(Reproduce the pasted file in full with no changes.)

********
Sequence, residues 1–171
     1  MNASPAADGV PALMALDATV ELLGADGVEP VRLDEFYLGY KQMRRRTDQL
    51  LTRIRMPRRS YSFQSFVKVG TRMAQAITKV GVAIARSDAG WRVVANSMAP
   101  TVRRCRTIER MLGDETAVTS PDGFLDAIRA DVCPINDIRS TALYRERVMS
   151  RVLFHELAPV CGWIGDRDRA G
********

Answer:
Sequence, residues 1–171
     1  MNASPAADGV PALMALDATV ELLGADGVEP VRLDEFYLGY KQMRRRTDQL
    51  LTRIRMPRRS YSFQSFVKVG TRMAQAITKV GVAIARSDAG WRVVANSMAP
   101  TVRRCRTIER MLGDETAVTS PDGFLDAIRA DVCPINDIRS TALYRERVMS
   151  RVLFHELAPV CGWIGDRDRA G